Growing Green - Blossom drop impacts tomatoes, peppers, other plants
It's back to school time for our summer interns. You met the horticulture intern, Janelle Lanoue, through her informative news columns during June, July and August. She was a great help to me and many local residents with her informative news columns and her assistance in identifying and solving the many garden issues that have plagued us in this unusual summer. Janelle will be greatly missed, and I wish her great success as she pursues her master's degree in agriculture education.
Our Douglas County Fair week brought lots of questions from gardeners noticing unusual happenings in their vegetable gardens. From beans blooming but not producing, to potatoes not blooming, to very late tomatoes, vegetable gardeners around the area are dealing with many problems they have not had to face in previous years. The culprit? The early, hot, dry summer that has created a problem called blossom drop.
Blossom drop is a condition suffered by tomatoes, peppers, snap beans and some other fruiting vegetables where the plant blooms but fails to set fruit, the blooms die and fall off. Extreme daytime temperatures (above 85o F) cause flower pollen to become tacky and nonviable. Since pollination cannot occur, the bloom dies and falls off. If the temperature remains above 104o F for longer than four hours, flowers can abort.
Remember July? Ideal humidity for many plants is between 40-70 percent. If humidity remains too high or too low, it can also interfere with pollination, creating fruitless plants.
The good news is that our weather has become cooler and drier, so plants that couldn't produce in July are now fruiting spectacularly, hence the plants laden with large, green tomatoes. Hopefully, Old Man Winter will hold off for another month so we may harvest this bounty.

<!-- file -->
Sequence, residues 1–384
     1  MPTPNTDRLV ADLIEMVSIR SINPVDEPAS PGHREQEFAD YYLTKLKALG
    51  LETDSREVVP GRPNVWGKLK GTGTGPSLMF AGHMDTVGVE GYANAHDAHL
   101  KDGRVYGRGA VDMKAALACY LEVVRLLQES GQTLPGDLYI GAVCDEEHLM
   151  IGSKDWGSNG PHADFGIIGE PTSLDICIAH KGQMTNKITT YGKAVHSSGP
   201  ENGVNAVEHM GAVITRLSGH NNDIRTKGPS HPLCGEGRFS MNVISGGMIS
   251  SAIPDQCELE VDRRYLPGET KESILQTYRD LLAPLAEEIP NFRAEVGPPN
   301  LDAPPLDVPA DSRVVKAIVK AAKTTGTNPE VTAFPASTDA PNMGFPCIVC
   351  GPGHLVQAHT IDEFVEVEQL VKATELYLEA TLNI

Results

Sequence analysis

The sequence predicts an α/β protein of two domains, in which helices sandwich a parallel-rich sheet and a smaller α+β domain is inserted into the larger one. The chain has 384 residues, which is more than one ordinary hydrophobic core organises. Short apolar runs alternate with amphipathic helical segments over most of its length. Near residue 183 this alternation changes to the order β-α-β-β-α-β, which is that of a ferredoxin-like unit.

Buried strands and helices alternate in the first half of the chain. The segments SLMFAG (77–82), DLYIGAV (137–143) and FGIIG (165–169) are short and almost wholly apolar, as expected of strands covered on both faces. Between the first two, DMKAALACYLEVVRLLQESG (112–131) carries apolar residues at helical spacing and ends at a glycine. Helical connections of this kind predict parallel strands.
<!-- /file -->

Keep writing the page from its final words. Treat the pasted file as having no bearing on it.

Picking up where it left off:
This summer's abnormally dry conditions have also created issues with production in our gardens. Although most of Minnesota has received adequate rain this summer, west central and southwest Minnesotans are suffering from abnormally dry conditions - severe drought conditions. Farmers are seeing a decrease in bushels/acre of corn and soybeans, and gardeners are finding smaller and fewer fruits/vegetables to pick and eat.
Remember that your flowers, fruits and vegetables need 1" of water/week throughout the season. If nature doesn't fulfill this requirement, try to give your plants the water they need in one application. Deep watering is important to healthy root growth. Several shorter, shallower applications throughout the week encourage shallow root growth and weaken the plant's structure.
Remember to water your perennials, shrubs and trees until the ground freezes solid. This will ensure that your plants enter the dormant winter months with adequate hydration. This is particularly important for evergreens to protect against the browning of winter burn.
Here's hoping your gardens are fruitful, your blossoms are beautiful and your lawns are lush.
Until next time, happy gardening.